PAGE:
Three Brexit tips for importers and exporters

Brexit sign and Union Jack dominoes set to fall

Importers and exporters trading in Europe are still seeking clarity as Brexit talks move to the next round. Roy Baker, Director, International Forwarding, asks what import-export businesses can do to prepare for the uncertainty ahead in European freight and logistics?

Update: We are now collating Brexit preparations into IFL’s bulletpoint guide for customers.

Just 12 months to go now before the UK will leave the European Union as per Article 50. It will soon be two years since the EU referendum vote and a reasonable person might think that at this point in the process all that would need tying up is the loose ends of the negotiations. Nothing could be further from the truth, however, and it has only been in the last week that the Government has put out its EU draft withdrawal agreement, which set out its objectives but contained precious little detail on how these might be achieved.

We do know that there will be a transition period of a minimum of two years. There is still debate on the rights of EU immigrants coming to the UK during this period and whether the European Court of Justice will have the same level of influence but these are political matters and unlikely to have any significant effect on exporters and importers.

What happens after the end of the transition period is still anyone’s guess. There has been a noticeable increase in the clamour from EU companies outside the UK to know what is happening as they come to appreciate the negative effects of tariff and border controls on their business with the UK. The Irish border situation needs to be resolved urgently and it is to be hoped that fresh thinking based on technology controls will produce an answer acceptable to all parties.

So at this stage what can the exporter/importer do to prepare for the trading uncertainty ahead? Here are three pointers that may be helpful.

1. Apply for an EORI number

EORI is short for an Export Operator Registration Identification. Companies who only export to the EU do not need this but for exports outside the EU it is essential. Application can be made via Gov.uk. The approval number will basically be the exporter’s VAT registration number with three digits added to identify the location originating the export. The important point is, it is anticipated that after the Brexit transition period an EORI number will be needed for both EU and non-EU exports.

2. Take advantage of the new Customs Declaration Service (CDS)

The existing UK Customs computer system for handling export and import entries (CHIEF) is 25 years old and will be replaced by the new CDS system from early 2019 with a partial launch in August 2018. The implementation of previous systems has been bedevilled with teething problems but this time it is anticipated that enough groundwork has been done to avoid any issues.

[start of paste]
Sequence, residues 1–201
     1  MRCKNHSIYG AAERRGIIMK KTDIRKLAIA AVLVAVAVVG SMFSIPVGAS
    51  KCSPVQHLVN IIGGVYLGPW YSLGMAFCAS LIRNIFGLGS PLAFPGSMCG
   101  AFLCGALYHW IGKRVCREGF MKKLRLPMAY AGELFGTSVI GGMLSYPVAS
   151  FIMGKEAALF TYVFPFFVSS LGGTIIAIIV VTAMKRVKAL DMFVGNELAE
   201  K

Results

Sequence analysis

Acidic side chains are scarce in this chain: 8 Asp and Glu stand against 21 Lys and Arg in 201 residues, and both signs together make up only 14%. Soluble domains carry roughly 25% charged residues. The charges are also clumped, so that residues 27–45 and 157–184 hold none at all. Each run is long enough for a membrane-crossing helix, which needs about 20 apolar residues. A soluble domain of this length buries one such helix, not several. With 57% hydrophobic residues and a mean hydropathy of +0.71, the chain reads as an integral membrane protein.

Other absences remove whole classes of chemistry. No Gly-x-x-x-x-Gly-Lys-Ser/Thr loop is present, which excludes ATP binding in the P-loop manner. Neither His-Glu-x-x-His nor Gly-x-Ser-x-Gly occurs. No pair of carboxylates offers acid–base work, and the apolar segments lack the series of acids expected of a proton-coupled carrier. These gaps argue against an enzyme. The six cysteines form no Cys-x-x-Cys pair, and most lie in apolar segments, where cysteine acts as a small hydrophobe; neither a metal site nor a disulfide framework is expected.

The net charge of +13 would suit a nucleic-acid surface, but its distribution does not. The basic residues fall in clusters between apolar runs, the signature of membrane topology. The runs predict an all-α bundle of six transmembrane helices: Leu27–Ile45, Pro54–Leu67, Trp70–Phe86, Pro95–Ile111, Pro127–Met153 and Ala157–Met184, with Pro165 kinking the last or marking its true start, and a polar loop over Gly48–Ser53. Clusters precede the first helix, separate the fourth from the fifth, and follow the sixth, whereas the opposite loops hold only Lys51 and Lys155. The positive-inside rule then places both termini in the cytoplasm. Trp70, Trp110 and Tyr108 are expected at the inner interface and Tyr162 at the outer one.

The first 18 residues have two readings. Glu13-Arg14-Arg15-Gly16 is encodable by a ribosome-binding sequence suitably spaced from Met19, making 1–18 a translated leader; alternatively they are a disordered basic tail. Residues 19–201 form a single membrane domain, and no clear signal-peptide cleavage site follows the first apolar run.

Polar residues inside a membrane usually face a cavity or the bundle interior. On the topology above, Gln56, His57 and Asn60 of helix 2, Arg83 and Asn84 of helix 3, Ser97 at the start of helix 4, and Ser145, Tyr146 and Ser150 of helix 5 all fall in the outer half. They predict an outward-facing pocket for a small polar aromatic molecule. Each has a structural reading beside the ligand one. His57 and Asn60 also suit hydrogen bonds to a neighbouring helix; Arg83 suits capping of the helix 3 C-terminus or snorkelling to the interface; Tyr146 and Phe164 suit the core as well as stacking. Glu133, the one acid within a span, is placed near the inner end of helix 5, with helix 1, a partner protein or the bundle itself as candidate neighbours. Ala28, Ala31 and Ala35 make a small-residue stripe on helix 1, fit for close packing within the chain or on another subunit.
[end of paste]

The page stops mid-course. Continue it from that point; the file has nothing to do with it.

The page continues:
While many exporters and importers turn to forwarders or a customs agent to prepare and lodge their entries, it is worth getting to know the functionalities of the new CDS as traders will have direct access to many new data records. Initially CDS will apply only to non-EU exports and imports but it has been programmed to extend this to the EU if whatever the politicians decide makes this necessary. Details can be found on Getting ready for the Customs Declaration service.

3. Look for AEO status

UK Customs offers Authorised Economic Operator (AEO) accreditation to exporters, importers, freight forwarders and customs brokers who can satisfy them regarding the professionalism and integrity of their customs procedures. The audit programme is rigorous and requires significant management commitment. In return, the benefits include: a ‘light touch’ when it comes to physical controls, reduced customs financial guarantees where required and, above all, it raises the standard of internal customs competences and knowledge of customs procedures within a company’s own organisation.

International Forwarding (IFL) gained AEO accreditation in 2010 and we think AEO status will give companies a head start in trade facilitation during the post-Brexit transition period and beyond. AEO is recognised in many countries outside the EU including China, Japan and the USA, and is being actively supported and encouraged by the World Trade Organisation so we can expect it to be an integral part of any post-Brexit scenario.

We will be pleased to provide further information to customers on request on any of these topics and the likely effect of changes resulting from the Brexit negotiations on all aspects of international trade.

You can also see our other memberships and accreditations here.

Words: Roy Baker. Image: (CC) Daniel_diaz_bardillo/Pixabay